Indeed, it is necessary to fight not with those who remained in the occupied territory, but with the very situation of occupation. The occupation led to discrimination and a direct threat to the health and life of citizens perceived by the occupying state as disloyal. For example, Yury Sobolevsky, First Deputy Chairman of the Kherson Regional Council, reports that “Russian passports are being imposed wherever possible. Up to the point that they require the relatives of the detainees to write appropriate statements “in exchange” for their freedom. All this is accompanied by the most powerful propaganda indoctrination of the population” [16].

The “payment” for disloyalty to the occupiers can be forced removal to Russia, some times – via occupied Crimea [17]. Therefore, in a situation of war and occupation, Ukrainian citizens who receive a Russian “passport” really look more like not criminals, but like victims of a crime.

Recall that Article 45 of the Hague Convention on the Laws and Customs of War on Land forbids to compel the inhabitants of occupied territory to swear allegiance to the hostile Power [18]. Article 47 of the Geneva Convention Relative to the Protection of Civilian Persons in Times of War of 1949 prohibits depriving persons in occupied territories of their rights and conventional protection in connection with the occupation [19]. These provisions are violated by the Russian Federation as a state.

The Rome Statute of the International Criminal Court does not directly criminalize the imposition of the nationality of an occupying state as an international crime. At the same time, it contains a description of a whole series of crimes resulting from actions similar to those committed by the Russian occupation authorities. This may include such severe violations as torture, deprivation of property.

Further, mere suspicion of disloyalty casted by reluctance to take a Russian “passport” may result in other international crimes like deprivation of the right to fair trial, unlawful deportation, transfer or confinement, declaring abolished, suspended or inadmissible in a court of law the rights and actions of the nationals of the hostile party, outrages upon personal dignity, in particular humiliating and degrading treatment. There may be other types of crimes, the victims of which will be Ukrainians in the occupied territories.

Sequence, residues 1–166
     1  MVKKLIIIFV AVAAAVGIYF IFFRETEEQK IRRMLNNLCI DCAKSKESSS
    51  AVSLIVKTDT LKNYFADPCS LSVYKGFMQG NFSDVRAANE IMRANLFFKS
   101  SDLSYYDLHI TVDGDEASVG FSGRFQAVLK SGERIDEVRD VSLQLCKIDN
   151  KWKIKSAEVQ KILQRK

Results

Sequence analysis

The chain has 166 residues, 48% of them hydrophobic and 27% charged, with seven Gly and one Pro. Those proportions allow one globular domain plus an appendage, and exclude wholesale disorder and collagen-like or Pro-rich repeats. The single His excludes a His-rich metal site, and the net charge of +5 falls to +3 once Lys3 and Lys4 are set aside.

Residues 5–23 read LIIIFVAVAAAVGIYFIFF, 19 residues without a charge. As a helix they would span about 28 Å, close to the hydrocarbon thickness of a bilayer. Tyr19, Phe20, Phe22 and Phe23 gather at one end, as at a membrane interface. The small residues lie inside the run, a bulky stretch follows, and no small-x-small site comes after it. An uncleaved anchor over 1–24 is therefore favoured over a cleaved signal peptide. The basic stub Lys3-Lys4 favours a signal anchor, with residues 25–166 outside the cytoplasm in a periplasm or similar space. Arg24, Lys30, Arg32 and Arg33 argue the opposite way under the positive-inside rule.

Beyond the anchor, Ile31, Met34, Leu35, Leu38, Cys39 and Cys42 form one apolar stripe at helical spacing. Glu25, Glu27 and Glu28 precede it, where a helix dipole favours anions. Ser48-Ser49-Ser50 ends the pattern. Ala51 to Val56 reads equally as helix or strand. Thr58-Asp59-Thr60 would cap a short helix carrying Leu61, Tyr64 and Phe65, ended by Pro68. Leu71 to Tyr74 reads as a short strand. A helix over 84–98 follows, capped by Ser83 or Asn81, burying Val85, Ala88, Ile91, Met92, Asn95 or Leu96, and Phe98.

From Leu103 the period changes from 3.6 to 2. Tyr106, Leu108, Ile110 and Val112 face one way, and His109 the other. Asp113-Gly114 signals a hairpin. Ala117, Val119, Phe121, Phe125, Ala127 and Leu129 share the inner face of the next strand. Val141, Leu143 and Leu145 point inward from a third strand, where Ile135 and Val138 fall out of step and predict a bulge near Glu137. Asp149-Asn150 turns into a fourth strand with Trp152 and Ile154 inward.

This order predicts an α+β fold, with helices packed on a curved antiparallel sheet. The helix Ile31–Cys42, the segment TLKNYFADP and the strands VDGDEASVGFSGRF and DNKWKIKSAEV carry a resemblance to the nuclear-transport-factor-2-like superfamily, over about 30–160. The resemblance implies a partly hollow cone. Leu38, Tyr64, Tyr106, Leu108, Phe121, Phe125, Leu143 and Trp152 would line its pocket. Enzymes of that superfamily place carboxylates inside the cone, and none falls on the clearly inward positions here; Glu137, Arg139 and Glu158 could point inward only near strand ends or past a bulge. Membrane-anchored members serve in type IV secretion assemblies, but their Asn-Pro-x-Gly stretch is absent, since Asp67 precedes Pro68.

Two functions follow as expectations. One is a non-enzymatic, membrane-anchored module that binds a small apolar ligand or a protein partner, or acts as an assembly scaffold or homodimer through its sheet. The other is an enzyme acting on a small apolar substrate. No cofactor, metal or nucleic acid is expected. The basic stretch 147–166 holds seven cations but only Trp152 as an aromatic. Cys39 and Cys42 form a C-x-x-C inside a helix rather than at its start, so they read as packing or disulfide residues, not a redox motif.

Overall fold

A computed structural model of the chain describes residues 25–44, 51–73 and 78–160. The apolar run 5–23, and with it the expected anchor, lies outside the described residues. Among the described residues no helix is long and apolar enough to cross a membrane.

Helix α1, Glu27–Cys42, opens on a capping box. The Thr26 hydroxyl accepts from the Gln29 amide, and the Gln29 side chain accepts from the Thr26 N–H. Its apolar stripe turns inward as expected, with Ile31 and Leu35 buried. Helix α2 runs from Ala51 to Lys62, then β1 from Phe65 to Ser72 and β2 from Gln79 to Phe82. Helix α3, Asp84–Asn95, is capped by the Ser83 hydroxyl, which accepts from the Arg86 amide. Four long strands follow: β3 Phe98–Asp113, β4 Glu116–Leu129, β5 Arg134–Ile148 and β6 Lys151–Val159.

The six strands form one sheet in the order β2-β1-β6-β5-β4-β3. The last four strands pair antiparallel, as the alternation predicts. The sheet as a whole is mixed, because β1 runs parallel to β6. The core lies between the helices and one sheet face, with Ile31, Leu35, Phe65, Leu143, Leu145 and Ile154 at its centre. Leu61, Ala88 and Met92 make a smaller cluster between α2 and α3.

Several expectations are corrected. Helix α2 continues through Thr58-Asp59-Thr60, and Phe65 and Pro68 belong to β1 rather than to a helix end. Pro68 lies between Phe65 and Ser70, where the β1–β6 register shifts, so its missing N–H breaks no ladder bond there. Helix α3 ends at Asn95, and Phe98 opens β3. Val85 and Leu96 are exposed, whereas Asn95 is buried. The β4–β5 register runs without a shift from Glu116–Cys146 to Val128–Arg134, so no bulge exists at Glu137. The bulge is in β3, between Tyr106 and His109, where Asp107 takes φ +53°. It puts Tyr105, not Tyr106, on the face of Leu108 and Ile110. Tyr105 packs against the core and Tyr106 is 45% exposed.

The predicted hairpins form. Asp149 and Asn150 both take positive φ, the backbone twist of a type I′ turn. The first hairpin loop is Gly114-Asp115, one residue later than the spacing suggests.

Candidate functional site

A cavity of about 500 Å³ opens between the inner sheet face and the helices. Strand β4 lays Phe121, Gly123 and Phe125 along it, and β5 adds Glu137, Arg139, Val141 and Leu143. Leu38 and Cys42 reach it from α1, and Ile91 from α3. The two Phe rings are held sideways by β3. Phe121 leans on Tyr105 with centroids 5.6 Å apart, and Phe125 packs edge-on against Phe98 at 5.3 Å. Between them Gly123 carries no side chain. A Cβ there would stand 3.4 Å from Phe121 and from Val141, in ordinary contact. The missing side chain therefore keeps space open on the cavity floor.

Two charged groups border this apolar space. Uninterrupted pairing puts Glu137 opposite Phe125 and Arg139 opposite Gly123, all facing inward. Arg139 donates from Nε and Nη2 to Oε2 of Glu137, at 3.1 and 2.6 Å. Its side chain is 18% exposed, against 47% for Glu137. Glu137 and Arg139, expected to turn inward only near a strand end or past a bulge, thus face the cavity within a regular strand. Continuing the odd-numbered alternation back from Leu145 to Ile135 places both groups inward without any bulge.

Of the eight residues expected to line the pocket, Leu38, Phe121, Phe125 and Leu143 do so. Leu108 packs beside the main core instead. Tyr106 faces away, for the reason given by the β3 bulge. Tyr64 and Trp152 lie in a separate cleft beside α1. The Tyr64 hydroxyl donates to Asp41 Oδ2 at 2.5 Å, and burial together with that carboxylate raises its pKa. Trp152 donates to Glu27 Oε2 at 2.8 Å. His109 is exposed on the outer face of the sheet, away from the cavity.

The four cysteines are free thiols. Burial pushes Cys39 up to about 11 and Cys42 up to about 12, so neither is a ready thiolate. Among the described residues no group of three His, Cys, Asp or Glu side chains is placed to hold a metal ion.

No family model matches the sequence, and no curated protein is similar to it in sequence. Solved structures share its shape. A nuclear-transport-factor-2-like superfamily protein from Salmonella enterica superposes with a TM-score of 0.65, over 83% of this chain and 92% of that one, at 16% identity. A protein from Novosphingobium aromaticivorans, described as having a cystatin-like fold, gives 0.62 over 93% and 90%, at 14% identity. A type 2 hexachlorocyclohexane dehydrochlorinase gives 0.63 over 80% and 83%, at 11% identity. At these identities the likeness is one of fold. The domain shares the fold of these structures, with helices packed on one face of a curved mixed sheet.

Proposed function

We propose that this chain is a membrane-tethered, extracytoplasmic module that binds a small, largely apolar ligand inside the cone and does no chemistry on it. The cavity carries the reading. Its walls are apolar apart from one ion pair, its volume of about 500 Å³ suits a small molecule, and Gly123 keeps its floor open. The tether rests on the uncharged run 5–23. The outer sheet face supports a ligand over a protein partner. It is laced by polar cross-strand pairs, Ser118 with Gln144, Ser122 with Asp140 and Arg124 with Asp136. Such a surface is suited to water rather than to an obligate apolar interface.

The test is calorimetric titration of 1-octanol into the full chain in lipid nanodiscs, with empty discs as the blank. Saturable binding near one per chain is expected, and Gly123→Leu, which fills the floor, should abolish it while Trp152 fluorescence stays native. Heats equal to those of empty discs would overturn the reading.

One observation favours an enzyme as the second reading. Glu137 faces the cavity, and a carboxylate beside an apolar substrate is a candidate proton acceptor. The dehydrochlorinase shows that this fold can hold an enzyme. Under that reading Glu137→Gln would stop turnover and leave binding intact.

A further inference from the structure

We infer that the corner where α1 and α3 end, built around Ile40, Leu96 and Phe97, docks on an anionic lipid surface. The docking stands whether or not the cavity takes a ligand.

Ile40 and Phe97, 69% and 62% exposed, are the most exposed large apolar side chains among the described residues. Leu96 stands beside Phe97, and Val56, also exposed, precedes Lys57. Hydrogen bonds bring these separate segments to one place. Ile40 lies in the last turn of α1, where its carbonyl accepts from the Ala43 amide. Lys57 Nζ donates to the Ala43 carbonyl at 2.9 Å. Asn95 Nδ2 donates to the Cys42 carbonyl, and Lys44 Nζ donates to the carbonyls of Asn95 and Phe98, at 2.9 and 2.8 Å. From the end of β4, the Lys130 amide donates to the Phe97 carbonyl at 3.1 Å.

The International Criminal Court is already considering the Ukrainian situation, in particular, regarding the commission of crimes against the population of the occupied territories. Law enforcement and judicial authorities of Ukraine are actively investigating such crimes. Therefore, the efforts of the state should be directed primarily to the persecution of those citizens of the aggressor state who are responsible for the occupation, support the occupation regime and exert unlawful pressure on Ukrainian citizens.

Of course, this does not exclude the persecution of real collaborators. However, we note that here, too, one should not equate mechanically an officer or civil servant who took an oath and betrayed Ukraine with simple citizen who are forced to cooperate with the occupier for reasons of survival. The degree of collaboration may vary, and the size of the inevitable criminal liability for it should be proportional to the certain specific circumstances.

In conclusion, we would like to quote the Regulations on the Ministry for the Reintegration of the Temporarily Occupied Territories of Ukraine, according to which the main task of this body is reintegration. It is understood as “ensuring the formation and implementation of state policy on the issues of the temporarily occupied territory and the protection of the rights of the population, the ultimate goal of which is their reintegration into a single legal, informational, socio-economic, cultural, educational space of Ukraine” [20].